I think your own website is the place to start. I created my website not long after my first short story was published. My aim was just to give readers a place to go if they were curious about me and my work. It was partly about promoting my work, but when combined with my blog I think it became more about having a dialogue with the world.

Heidi Ruby Miller:

Definitely with the website and blog.

I am to the point where after six years of posting author interviews on Heidi’s Pick Six (which have included interviews with Robert, Jon, and Larry), I find myself getting upwards of 500-600 hits a day. I had to work on this over a four or five year period, but it’s wonderful, and I also feel like what I’m doing with my website is a way of giving back to a lot of the authors, and it may give them a reason to help me out sometime in the future.

Robert J. Sawyer:

I don’t think of a website as social media because it’s not generally interactive. But absolutely I agree that you’ve got to have a website.  People expect you to have one, and you should have one.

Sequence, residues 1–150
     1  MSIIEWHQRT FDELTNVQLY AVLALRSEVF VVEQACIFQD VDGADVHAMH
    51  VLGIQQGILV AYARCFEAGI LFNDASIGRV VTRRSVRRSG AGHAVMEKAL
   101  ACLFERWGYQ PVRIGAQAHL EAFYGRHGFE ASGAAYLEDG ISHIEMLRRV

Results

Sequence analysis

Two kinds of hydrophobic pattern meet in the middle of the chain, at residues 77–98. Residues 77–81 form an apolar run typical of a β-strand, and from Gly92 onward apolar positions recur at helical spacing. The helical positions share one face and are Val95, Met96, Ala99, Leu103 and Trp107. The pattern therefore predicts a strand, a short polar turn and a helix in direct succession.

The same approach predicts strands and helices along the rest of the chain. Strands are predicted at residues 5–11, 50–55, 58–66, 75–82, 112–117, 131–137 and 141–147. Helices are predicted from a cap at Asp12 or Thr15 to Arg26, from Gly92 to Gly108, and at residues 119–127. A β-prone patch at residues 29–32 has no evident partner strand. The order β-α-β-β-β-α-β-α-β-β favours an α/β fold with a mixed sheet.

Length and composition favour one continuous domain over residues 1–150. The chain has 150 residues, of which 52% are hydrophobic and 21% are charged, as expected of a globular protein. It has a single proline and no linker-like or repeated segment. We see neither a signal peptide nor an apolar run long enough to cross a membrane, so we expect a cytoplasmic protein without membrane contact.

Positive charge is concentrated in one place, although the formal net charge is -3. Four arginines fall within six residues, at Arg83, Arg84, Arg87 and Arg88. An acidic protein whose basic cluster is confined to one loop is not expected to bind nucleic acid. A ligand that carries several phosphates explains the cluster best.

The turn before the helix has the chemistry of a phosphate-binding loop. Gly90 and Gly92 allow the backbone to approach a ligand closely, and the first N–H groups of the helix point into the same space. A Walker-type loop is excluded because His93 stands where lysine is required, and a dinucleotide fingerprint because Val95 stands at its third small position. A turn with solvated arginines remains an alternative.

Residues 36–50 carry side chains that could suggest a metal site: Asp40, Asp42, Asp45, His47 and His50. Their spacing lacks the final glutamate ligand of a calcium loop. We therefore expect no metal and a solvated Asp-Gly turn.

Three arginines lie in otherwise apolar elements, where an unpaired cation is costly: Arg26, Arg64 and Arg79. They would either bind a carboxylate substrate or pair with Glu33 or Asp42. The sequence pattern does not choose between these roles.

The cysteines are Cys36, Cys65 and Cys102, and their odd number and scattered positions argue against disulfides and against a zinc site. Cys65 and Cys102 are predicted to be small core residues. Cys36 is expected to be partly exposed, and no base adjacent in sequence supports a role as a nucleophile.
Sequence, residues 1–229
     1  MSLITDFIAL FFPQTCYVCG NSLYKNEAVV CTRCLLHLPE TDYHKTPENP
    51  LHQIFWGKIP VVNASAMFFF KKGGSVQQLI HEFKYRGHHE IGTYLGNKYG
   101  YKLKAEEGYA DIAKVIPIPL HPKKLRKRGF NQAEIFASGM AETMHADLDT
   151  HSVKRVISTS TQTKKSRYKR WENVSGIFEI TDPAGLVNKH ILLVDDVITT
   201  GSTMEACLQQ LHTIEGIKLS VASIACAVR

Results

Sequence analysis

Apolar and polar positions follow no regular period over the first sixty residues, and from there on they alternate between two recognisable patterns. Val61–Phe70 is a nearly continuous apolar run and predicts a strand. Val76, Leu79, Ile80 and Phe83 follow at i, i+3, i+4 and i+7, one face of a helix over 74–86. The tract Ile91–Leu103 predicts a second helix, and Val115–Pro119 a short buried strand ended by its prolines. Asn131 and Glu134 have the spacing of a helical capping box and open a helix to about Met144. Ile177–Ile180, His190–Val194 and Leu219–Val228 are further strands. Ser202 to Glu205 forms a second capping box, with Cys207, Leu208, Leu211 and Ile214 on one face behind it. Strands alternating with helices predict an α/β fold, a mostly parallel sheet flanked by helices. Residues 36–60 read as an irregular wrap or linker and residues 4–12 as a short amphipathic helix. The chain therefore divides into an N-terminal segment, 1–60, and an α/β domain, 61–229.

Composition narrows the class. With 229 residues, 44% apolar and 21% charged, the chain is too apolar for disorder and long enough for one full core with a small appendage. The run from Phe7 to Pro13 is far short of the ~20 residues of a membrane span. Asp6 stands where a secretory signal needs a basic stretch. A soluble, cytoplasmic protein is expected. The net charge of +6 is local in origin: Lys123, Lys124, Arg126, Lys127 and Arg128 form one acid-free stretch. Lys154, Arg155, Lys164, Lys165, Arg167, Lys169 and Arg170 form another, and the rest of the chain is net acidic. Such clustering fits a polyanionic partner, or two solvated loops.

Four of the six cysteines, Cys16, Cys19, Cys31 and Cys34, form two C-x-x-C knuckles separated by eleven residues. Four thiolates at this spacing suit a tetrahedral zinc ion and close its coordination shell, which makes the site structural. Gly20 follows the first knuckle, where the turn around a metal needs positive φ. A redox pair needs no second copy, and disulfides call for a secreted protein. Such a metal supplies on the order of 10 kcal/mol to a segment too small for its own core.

If you ever want to get a master’s level course in how not to do websites, just go to the main SFWA page and pick member’s pages at random. Almost all author webpages are appallingly hard to read, not updated, and lacking in current content. So make sure you do a good one. Like everything in life it is better to have no website than a bad website. So, yes, websites for sure – but make sure you do a decent one.

Of social media, I just had lunch with Bud Sparhawk  (which is real social media, two writers facing opposite each another and talking), and I was saying that I have kind of given up doing a lot with my blog. I was one of the first people to have a blog (even way before there was the word blog) but I spend most of my social media efforts these days on Facebook, which I find that I like. I find it more congenial because when you do a blog you’re supposed to allow anonymous comments, and the one thing that Facebook does is it has people there under their real persona.

So for me, a Facebook presence is what I’m enjoying the most these days in social media.